Anime Boston 2008
ADV Films

by Mikhail Koulikov,

As usual, David L. Williams hosted Anime Boston's ADV panel, but for this year, he was joined by production coordinator Janice Williams.

David's duties at ADV have involved production, marketing and directing dubs. Currently, however, he is working mostly in what he calls the company's "black ops" section, involved with evaluating potential new anime to acquire the rights to. In this capacity, he has also been involved with ADV's broader plans, some of which have been aimed at buying out other companies in the North American anime industry.

Overall, in Williams' words, "stories of ADV's demise have been greatly exaggerated." "We are still around...and I guarantee you, we will continue to be around," he announced a few minutes into the panel. As an indication of this, he also confirmed that ADV has licensed the collectible card game-based 51-episode series Kiba.

At the same time, ADV has experienced a period of release schedule delays. The delays were largely due to the original ownership of the affected titles in Japan transfering from their original owners that ADV had acquired them from to new companies. The issues that led to the delays have now largely been resolved, and ADV is working to return the anime affected to the release schedule. The two that are still held up in negotiations, however, are Gurren Lagann and Keroro Gunso, for which ADV is "negotiating to maximize the value of the title in the U.S.", strongly suggesting ongoing negotiations to place it on American television.

With these issues out of the way, the panel turned to Williams using his licensing and negotiating experience to talk about some of ADV's more long-term goals. The company still does not have any firm plans to embrace the Blu-Ray format. At this point, Williams also dismisses the potential of high-definition releases beyond what is being made available on the Anime Network and via the XBox live Marketplace service.

Similarly, while some other companies are beginning to look into novel release formats, such as half-season sets, he argues that for the industry as a whole, abandoning single DVD releases is not yet economically feasible. Ultimately, those remain a significant revenue generator to recoup licensing and production costs. ADV may consider full-season distribution for some future "C-level" titles, but even for those, half-season sets are not likely.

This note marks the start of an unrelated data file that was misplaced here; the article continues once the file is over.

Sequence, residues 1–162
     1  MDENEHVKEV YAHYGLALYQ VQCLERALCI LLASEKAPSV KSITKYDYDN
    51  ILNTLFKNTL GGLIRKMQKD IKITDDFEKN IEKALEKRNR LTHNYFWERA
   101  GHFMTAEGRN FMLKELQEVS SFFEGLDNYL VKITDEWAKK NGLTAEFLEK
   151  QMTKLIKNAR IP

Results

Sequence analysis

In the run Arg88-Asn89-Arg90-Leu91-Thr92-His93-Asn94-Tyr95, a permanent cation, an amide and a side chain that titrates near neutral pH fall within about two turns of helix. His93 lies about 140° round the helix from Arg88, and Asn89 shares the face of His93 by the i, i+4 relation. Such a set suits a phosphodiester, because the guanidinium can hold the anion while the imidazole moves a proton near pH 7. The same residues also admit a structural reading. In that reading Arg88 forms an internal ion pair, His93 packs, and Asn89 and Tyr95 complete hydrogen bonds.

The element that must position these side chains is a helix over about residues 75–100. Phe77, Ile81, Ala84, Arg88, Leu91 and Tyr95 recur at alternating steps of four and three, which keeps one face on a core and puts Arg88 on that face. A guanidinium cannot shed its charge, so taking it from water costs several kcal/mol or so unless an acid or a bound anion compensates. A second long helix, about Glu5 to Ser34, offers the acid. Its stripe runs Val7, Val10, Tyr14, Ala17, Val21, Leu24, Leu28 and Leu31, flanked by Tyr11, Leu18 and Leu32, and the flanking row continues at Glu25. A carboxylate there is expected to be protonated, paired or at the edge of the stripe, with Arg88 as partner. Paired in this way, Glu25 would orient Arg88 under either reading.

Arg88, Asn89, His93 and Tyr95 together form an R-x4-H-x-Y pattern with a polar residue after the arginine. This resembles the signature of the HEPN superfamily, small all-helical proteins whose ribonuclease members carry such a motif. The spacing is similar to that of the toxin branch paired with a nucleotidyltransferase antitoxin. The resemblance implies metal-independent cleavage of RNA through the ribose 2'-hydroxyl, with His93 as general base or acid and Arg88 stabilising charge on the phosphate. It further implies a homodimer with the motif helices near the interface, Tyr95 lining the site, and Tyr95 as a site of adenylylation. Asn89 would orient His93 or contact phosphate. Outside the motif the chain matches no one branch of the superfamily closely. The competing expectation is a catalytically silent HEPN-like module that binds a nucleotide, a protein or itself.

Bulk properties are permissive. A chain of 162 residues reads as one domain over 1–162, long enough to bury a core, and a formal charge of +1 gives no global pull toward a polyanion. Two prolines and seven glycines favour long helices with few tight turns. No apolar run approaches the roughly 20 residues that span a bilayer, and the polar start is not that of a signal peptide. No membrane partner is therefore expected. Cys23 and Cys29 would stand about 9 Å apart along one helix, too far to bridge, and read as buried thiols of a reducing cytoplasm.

He also claimed that, although Geneon Entertainment USA has effectively ceased operations, its Japanese corporate parent, Dentsu, is still not sure of the direction they want to take with the company and its licenses. Personally, Williams is beginning to question how much value is left in both the series that Geneon dropped mid-release, but argues that the other companies in the industry are still interested in "rescuing" the series that Geneon licensed, but was never able to actually begin bringing out.

Looking at the bigger, industry-wide picture, in Williams' view, both the sheer number of anime DVDs that companies are releasing, and the typical price points will have to decrease. while, as the Japanese anime production and licensing firms become fully aware of American market conditions, licensing prices will begin dropping. Previously, especially in 2003-2004, even the excessive fees charged by some Japanese companies for their licenses were sustainable by actual sales numbers, but that is no longer the case. At the same time, figuring out how to successfully implement truly simultaneous releases of anime DVDs in the U.S. and in Japan will be one of the biggest puzzles the entire industry will have to solve. He also argued that even making English-language dubs available at the same time as the Japanese release is not impossible. Ultimately, in his words, day-and-date releases between the U.S. and Japan will happen "because they have to happen", if the entire industry is to survive.

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